Volunteer birdwatching survey shows effects of temperatures on population of Jays

A study led by researchers at the University of Southampton has used data collected by volunteer bird watchers to study how the importance of wildlife habitat management for British birds depends on changing temperatures.

The team studied data from the British Trust for Ornithology’s “Bird Atlas 2007 – 11” on the abundance of Eurasian jays over the whole of Great Britain. The University of Southampton researchers focused on jays for this trial as they are a species of bird known to frequent a mixture of different natural environments.

The findings, published in the journal Methods in Ecology and Evolution, showed that an even range of habitats – forests fields and meadows – are needed in an area of around 200m2 to 1km2 in order for the jays to thrive. An even spread of coniferous and broad leaved forests within this space is also necessary. The data showed that in higher temperatures it is even more important for the jays to have this mix of different surroundings in a relatively small space.

The Bird Atlas 2007 – 11 was one of the most ambitious volunteer projects undertaken. Volunteers for the British Trust for Ornithology were allocated squares of land around the country in which they counted every bird they spotted during winter and in the breeding season.

The University researchers gathered this data and combined with satellite imagery of Great Britain to get a complete picture of the habitats in which there was an abundance of jays and how the changing climates affected their numbers.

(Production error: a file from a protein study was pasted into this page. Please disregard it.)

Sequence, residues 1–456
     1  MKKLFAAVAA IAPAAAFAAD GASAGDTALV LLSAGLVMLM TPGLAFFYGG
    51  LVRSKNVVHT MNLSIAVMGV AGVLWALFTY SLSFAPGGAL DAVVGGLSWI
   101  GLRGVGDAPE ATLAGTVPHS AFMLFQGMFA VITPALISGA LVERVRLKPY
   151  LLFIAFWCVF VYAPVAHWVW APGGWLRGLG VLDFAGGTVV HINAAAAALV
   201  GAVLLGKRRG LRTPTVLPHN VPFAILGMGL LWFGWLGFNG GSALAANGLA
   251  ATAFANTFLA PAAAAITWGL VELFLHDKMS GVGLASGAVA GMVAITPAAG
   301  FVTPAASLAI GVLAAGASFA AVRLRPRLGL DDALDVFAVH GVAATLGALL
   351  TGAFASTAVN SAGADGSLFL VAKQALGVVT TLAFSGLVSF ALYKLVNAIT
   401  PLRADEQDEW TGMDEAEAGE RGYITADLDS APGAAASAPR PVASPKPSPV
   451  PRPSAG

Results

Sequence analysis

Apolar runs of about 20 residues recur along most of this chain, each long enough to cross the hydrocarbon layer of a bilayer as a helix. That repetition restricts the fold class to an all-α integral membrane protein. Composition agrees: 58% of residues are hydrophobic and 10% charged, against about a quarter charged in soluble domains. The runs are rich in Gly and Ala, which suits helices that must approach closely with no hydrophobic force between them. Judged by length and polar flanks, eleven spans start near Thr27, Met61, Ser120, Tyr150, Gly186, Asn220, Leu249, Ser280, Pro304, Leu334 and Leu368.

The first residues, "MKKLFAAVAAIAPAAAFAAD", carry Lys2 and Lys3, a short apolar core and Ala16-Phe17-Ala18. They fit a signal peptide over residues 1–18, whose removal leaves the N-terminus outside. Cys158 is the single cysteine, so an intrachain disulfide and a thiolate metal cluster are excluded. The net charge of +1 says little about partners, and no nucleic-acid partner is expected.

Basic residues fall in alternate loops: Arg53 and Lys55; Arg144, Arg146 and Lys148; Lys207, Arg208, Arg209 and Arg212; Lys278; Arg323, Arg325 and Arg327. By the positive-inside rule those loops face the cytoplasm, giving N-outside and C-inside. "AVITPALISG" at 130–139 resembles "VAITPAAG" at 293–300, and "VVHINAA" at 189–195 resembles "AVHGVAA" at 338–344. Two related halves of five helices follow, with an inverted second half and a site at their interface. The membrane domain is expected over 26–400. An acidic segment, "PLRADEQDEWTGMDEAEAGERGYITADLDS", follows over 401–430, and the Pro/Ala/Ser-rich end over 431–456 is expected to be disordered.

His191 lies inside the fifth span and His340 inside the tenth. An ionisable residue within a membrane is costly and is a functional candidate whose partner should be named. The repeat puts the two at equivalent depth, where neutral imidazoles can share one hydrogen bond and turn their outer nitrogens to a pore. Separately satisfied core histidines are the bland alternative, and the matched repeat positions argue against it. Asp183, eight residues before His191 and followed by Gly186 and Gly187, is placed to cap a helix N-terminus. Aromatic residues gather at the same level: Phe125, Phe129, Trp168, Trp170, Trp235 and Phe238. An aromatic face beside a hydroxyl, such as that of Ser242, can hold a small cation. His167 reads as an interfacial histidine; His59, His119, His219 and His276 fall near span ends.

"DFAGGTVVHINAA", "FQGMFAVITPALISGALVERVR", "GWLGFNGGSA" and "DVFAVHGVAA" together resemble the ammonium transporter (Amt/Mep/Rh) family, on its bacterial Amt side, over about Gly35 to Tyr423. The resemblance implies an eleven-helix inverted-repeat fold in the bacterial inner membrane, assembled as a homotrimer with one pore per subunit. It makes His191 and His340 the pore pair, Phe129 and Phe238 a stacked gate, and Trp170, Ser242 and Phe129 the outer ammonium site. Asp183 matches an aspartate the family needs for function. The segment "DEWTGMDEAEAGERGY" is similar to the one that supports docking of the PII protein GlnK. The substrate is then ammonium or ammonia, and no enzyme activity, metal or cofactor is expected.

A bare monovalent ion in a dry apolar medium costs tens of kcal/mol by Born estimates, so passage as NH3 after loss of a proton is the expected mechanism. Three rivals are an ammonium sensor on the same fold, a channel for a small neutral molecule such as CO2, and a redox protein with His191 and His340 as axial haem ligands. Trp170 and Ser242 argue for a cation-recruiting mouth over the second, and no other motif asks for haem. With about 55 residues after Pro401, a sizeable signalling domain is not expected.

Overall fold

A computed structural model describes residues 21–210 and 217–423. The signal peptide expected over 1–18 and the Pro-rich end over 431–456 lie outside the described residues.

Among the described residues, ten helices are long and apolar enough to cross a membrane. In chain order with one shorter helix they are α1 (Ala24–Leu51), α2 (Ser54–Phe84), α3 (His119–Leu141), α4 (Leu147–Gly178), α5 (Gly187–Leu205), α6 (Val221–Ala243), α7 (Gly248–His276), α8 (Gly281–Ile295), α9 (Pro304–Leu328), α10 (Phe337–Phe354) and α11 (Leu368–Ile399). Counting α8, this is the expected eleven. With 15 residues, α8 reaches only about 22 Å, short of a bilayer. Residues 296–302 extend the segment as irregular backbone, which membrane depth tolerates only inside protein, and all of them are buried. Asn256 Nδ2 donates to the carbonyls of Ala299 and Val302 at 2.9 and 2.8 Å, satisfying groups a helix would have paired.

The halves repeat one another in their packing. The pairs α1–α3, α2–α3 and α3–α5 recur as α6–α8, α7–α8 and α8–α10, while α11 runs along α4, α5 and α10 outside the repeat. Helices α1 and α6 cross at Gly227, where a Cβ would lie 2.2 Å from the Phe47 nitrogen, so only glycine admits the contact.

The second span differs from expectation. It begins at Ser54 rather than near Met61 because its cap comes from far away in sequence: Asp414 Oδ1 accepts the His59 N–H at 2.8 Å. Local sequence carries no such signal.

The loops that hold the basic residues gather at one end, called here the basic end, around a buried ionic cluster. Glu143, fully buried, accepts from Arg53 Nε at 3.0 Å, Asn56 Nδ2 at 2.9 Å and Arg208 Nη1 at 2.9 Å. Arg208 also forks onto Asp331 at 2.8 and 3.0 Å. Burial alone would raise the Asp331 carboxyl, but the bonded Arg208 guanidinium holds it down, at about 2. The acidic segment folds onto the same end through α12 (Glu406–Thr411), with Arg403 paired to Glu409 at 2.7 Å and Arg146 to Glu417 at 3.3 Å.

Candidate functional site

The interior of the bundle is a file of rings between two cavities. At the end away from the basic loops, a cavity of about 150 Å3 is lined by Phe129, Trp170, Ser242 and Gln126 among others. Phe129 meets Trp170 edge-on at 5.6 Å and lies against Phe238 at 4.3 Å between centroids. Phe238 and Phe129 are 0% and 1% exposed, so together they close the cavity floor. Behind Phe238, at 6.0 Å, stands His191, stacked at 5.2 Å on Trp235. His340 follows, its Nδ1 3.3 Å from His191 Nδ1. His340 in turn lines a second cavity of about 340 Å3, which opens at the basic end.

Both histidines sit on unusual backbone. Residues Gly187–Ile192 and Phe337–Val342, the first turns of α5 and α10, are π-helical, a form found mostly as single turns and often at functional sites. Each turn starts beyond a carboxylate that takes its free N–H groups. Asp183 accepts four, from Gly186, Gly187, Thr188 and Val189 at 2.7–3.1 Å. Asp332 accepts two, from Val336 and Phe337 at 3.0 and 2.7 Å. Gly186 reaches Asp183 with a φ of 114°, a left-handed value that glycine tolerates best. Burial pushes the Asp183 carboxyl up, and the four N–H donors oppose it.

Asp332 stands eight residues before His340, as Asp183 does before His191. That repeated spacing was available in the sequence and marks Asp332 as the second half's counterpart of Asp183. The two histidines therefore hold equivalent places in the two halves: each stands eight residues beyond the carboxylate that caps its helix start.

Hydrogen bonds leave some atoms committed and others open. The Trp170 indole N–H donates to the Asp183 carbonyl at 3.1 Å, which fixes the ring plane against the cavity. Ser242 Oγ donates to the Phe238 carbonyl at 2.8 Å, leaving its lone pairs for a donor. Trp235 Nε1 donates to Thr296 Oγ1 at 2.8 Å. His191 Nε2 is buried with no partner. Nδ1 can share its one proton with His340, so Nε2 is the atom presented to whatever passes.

The success of the trial means that this method of studying wildlife numbers could be an effective way to look at the impact climate change has on habitats for other species.

Dr Laura Graham Postdoctoral Research Associate at the University of Southampton said: “One of the key challenges in ecological climate change research is gaining an understanding of how climate interacts with changes in habitat to impact species’ abundance and distributions. The method we developed for this project allows us to do this.”

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Notes to editors:

  1. The paper “Incorporating fine-scale environmental heterogeneity into broad-extent models” is published in the journal Methods in Ecology and Evolution (DOI: 10.1111/2041-210X.13177)
  2. For interviews with Laura Graham, please contact Stephen Bates, Media Relations, University of Southampton. Tel +44 23 8059 2312. Email [email protected]
  3. The University of Southampton drives original thinking, turns knowledge into action and impact, and creates solutions to the world’s challenges. We are among the top 100 institutions globally (QS World University Rankings 2019). Our academics are leaders in their fields, forging links with high-profile international businesses and organisations, and inspiring a 24,000-strong community of exceptional students, from over 135 countries worldwide. Through our high-quality education, the University helps students on a journey of discovery to realise their potential and join our global network of over 200,000 alumni. http://www.southampton.ac.uk

Media Contact
Stephen Bates
[email protected]
http://dx.doi.org/10.1111/2041-210X.13177

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